What is Identity Theft?
With all the data breaches in the news, there is a lot of concern about identity theft and quite frankly a lot of confusion. So let’s first start by defining what “identity theft” really means. California law defines identity theft as the “unauthorized use of someone’s personally identifiable information to obtain credit, goods, services, money, or property.” Cal. civ. Code § 1798.92(b). Okay, but enough with the lawyer thing, what does that even mean?
Basically, if you use someone else’s name or identity to get something in return (usually money), that’s identity theft! Many people think they have to have their whole life taken over to qualify as a victim of identity theft. That is not true. Even something as simple as an unauthorized purchase of a credit or debit card can qualify as identity theft. After all whose name is on the card they use to make that purchase – yours!
Are you a victim of identity theft?
Okay, so identity theft can actually be anything, but how do you know if you really are a victim of identity theft? There’s no perfect cut-and-dried answer to this, but there are some obvious signs:
1. You receive calls or letters from collection agencies for bills that do not belong to you;
2. You get letters from creditors telling you that you have been rejected for a recent credit card application or loan that you don’t recognize;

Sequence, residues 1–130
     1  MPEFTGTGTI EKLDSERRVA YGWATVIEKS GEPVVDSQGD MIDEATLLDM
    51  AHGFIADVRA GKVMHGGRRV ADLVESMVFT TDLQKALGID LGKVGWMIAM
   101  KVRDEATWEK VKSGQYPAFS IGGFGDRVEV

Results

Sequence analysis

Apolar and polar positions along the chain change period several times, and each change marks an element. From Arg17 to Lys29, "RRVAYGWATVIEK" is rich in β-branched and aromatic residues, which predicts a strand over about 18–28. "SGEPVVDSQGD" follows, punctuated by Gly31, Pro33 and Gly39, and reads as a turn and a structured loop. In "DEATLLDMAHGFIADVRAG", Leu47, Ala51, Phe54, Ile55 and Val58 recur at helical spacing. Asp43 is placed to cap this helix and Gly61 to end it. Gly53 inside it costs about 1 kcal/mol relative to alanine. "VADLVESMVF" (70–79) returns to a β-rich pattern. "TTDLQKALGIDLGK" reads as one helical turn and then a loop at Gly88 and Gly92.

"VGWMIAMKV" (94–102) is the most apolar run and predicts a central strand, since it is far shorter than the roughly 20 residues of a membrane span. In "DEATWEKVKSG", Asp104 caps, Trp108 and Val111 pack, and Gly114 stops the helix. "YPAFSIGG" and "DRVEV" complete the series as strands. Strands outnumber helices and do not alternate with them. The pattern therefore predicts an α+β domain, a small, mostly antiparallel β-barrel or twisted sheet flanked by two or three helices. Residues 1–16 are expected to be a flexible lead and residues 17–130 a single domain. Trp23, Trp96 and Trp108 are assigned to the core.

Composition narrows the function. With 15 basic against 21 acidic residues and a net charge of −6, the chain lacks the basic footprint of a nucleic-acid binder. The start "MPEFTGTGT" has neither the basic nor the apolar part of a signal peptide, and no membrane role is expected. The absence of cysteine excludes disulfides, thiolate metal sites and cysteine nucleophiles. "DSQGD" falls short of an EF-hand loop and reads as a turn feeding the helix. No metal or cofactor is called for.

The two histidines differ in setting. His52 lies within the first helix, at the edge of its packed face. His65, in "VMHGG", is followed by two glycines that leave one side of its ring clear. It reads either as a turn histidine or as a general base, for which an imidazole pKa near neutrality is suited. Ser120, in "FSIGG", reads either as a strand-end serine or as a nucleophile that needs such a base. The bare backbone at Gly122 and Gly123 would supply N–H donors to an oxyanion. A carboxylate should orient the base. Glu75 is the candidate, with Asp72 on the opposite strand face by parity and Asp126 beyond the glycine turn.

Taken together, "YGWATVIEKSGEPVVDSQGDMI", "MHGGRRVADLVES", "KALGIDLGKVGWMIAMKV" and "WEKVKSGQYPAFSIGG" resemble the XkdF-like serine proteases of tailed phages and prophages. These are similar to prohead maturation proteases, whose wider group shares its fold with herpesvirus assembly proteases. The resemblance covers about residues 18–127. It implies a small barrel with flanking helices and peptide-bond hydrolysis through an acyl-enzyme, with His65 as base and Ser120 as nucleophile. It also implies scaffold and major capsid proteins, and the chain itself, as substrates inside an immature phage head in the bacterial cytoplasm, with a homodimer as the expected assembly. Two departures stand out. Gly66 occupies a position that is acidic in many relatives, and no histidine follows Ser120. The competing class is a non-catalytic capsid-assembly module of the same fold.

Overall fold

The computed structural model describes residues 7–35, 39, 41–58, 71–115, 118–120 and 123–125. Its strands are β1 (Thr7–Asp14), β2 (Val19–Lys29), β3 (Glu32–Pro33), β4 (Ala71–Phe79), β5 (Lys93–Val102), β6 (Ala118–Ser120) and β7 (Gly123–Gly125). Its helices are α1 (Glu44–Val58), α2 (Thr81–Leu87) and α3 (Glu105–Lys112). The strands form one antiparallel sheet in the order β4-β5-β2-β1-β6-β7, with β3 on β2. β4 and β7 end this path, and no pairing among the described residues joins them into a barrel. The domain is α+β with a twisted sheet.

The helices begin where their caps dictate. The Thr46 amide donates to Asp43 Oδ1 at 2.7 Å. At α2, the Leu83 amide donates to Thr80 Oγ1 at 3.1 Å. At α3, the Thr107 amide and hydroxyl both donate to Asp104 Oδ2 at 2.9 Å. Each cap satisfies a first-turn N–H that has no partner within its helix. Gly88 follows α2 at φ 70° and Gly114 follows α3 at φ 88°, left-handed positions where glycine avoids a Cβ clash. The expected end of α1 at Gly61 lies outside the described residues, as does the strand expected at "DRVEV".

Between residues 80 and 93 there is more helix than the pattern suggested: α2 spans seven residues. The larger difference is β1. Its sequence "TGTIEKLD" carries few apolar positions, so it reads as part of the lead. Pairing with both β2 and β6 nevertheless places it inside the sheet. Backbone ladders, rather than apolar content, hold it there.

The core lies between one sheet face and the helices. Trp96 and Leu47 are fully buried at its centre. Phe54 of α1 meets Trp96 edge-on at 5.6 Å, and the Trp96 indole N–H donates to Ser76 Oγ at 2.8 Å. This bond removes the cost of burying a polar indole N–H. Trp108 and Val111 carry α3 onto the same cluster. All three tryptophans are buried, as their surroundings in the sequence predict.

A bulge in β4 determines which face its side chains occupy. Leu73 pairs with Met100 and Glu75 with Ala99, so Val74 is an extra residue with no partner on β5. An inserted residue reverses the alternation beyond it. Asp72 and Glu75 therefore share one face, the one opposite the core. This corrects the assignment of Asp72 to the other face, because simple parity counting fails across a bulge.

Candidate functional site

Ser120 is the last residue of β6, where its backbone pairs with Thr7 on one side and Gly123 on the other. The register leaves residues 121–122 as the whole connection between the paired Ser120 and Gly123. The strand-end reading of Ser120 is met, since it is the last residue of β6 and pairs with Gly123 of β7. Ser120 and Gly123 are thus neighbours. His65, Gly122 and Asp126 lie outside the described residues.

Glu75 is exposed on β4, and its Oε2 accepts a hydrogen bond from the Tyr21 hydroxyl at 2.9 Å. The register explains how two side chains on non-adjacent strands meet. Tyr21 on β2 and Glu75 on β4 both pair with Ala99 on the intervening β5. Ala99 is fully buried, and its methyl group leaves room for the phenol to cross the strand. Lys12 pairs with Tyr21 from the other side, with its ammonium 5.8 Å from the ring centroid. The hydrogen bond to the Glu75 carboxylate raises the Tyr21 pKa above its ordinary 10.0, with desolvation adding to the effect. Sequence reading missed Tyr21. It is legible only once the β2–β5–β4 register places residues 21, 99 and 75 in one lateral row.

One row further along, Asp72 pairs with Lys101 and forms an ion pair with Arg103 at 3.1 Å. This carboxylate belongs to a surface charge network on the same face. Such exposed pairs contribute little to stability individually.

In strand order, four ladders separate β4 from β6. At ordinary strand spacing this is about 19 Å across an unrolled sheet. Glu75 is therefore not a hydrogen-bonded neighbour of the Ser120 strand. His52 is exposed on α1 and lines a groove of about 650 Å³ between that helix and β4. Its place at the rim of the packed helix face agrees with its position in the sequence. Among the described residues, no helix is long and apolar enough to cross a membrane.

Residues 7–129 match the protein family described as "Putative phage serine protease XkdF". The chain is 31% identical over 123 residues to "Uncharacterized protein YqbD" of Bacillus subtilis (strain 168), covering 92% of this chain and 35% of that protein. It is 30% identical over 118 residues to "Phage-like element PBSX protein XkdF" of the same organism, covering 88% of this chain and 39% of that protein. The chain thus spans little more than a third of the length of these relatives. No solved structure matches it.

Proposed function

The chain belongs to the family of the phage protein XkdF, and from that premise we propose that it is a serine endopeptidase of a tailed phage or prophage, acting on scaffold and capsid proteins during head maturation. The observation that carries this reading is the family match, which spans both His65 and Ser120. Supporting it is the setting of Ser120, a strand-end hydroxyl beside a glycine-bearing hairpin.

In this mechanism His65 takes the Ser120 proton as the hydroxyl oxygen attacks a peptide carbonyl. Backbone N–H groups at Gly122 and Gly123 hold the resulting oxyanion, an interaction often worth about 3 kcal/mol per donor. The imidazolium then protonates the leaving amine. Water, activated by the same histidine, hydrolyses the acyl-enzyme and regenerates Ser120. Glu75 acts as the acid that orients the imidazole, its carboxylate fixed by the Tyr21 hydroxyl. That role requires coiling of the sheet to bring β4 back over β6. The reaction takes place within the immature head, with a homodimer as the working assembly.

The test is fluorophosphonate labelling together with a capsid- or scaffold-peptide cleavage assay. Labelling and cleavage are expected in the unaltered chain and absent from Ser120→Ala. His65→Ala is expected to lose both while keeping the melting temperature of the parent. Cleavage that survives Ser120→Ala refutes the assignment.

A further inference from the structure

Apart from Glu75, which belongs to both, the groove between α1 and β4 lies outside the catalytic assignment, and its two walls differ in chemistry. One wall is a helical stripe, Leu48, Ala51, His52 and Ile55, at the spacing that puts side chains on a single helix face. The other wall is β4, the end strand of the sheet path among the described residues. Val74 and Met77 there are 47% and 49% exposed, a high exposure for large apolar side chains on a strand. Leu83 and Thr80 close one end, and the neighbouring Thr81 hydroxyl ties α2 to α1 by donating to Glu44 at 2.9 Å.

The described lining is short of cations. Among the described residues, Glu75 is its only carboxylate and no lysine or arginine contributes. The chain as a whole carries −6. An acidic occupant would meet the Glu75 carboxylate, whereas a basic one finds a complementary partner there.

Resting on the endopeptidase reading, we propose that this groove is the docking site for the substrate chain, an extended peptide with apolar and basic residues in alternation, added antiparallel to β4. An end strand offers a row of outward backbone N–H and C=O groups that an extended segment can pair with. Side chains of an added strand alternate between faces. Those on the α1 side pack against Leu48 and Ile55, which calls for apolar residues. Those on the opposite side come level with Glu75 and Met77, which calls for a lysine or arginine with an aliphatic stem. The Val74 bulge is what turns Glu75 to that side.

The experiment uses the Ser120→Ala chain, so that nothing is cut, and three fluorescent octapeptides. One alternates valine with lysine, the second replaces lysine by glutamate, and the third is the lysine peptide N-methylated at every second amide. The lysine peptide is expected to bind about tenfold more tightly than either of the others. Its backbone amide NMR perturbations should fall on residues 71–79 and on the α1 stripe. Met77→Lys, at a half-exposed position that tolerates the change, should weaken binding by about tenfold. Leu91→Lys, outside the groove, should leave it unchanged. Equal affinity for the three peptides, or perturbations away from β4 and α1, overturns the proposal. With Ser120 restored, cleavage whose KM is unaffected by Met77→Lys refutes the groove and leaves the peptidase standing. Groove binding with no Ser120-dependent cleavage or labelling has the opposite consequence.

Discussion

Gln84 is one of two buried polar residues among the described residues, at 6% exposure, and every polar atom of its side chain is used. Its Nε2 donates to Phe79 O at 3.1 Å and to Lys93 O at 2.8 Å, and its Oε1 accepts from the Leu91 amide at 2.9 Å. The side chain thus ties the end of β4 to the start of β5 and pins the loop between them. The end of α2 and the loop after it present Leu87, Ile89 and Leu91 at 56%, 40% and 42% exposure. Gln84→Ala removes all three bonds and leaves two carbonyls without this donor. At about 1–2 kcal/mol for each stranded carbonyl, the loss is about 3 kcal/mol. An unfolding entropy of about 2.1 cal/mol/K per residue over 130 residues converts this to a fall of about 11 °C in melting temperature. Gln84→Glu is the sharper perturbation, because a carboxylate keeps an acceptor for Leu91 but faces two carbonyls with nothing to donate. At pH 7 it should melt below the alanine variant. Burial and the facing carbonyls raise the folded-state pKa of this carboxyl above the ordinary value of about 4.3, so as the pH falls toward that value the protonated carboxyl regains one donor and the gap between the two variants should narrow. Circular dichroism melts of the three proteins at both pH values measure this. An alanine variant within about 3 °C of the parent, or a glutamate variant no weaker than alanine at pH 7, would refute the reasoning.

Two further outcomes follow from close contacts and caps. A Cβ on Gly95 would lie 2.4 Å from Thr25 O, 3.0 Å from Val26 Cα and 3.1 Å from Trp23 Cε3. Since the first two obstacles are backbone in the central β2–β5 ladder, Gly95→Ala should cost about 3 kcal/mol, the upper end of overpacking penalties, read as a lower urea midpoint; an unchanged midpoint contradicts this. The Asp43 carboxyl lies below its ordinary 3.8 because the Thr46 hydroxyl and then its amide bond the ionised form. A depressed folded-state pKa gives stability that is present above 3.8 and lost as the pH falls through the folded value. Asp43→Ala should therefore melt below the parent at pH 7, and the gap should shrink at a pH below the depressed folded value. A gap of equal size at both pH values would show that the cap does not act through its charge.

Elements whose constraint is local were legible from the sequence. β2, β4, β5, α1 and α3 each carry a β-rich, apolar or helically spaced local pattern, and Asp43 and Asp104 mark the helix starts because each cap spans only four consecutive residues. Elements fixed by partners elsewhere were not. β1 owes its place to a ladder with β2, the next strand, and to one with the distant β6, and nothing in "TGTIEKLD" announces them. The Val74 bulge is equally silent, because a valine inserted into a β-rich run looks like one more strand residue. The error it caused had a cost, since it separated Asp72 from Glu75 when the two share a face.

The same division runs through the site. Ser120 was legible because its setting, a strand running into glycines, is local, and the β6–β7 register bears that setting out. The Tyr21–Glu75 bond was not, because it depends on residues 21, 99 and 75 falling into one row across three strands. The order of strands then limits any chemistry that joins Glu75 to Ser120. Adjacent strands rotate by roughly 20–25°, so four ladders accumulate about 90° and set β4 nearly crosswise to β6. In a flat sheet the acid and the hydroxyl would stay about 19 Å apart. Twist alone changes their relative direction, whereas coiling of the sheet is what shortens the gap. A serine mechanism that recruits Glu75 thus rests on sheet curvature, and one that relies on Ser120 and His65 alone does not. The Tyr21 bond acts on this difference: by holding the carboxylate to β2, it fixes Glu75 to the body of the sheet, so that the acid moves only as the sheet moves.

3. Your credit score takes an inexplicable nosedive; or
4. You start seeing tons of new questions on your credit that you don’t recognize.
Many of my clients tell me that they simply ignored the first few collection calls they received for accounts that didn’t belong to them. Please don’t! If you’re getting calls from people about accounts that don’t belong to you or if there’s something wrong with your credit report, investigate and get help. There are plenty of online resources for identity theft victims. Many of my clients can successfully solve their credit problems with a quick Google search. Others, however, often become frustrated with so much information available or hit a roadblock and become discouraged. Many would like to talk to a lawyer, but assume it will cost them an arm and a leg. That is rarely the case. Almost all attorneys offer free consultations and many attorneys offer legal assistance at no out-of-pocket cost. So if you feel overwhelmed, find a professional in your area, call them and take back your identity!
-Wayne Sinnett, Esq.